Are you one of those people who likes to keep their smartphone close by at all times? Maybe tucked beneath a pillow, in a breast pocket, or even slipped under a bra strap? If you have an implanted medical device such as a pacemaker or cardiac defibrillator, a new FDA study warns that some cell phones and smartwatches can create magnetic interference and should be kept at least six inches away.
According to a recent CTV News report, the U.S. Food and Drug Administration study was published on August 26 by the Heart Rhythm Journal. Implanted cardiac electronic devices(ICDs) help regulate the heart in patients with rhythm disorders such as a slow or fast heart rate. Pacemakers and defibrillators implanted in the body have a “magnet mode” that allows remote suspension of the device’s use during medical treatments like an MRI when interference is possible. Researchers found that this feature can be triggered accidentally by newer consumer electronics with high magnetic field strength.
Apple iPhone 12 devices and Apple Watch 6 models were tested and researchers found that all the devices had strong 10G static magnetic fields that could trigger the magnet mode on implanted cardiac devices. Although the Center for Devices and Radiological Health at the FDA is not aware of any adverse events associated with these findings and the patient risk is considered low, the study concludes that keeping these new smartphones and watches six inches (or 15 centimeters) away from implants will not trigger the medical devices.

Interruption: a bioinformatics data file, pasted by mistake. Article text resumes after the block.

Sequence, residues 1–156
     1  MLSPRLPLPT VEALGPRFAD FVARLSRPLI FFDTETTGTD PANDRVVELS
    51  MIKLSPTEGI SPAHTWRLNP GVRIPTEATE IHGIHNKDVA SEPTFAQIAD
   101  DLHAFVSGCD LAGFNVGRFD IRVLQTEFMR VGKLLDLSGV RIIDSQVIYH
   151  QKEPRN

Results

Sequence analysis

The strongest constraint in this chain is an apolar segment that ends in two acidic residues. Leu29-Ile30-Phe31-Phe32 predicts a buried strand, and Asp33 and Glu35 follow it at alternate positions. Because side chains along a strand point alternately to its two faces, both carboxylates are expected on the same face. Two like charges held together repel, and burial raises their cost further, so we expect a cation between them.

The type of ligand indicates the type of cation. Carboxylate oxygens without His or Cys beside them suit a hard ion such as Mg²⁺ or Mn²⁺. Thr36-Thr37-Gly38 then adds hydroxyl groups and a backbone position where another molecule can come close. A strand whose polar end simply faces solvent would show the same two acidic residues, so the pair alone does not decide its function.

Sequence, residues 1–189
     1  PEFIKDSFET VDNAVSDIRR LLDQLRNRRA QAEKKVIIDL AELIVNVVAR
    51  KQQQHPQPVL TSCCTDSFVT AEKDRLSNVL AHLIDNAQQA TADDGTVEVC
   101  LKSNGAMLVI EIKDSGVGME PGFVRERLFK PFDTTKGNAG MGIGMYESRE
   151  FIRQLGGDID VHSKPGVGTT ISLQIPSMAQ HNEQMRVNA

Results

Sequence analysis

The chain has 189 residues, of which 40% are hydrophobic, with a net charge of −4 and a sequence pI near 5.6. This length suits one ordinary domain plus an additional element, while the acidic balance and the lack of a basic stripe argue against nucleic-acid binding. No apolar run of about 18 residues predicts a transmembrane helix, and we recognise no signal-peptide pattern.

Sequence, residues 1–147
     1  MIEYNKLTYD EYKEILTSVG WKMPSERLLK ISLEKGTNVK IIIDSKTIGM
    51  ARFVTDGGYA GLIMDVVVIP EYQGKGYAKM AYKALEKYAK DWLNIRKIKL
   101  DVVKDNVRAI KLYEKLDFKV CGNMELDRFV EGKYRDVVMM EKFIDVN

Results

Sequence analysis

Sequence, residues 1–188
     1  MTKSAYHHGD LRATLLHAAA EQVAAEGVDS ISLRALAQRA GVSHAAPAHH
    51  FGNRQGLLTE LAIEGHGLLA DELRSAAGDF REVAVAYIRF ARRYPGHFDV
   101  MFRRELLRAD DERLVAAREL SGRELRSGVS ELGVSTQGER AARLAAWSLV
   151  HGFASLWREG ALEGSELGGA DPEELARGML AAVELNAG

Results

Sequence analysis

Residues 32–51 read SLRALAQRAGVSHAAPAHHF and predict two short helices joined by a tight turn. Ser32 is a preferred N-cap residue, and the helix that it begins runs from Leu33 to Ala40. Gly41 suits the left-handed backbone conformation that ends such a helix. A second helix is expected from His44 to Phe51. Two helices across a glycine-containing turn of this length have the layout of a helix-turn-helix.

As more consumer electronic devices contain strong magnets, patients with implanted medical devices should talk to their healthcare provider about the risks and safe use of these smartphones and watches. According to the Cleveland Clinic, some doctors recommend holding cell phones to the ear furthest away from the cardiac devices and avoiding standing under high-voltage power lines or near substations for extended periods of time.
In extreme cases, a smartphone, smartwatch, or smart tracker like a newer Fitbit could interfere with an Implanted Cardiac Device, triggering glitches that either pause the device in use or shock the heart back into normal rhythm. This is a very rare occurrence for patients with pacemakers in normal settings, but those with a pacemaker with very sensitive settings should follow the advice of their doctor. Read more about ICDs and electromagnetic interference in Cardiology Today.
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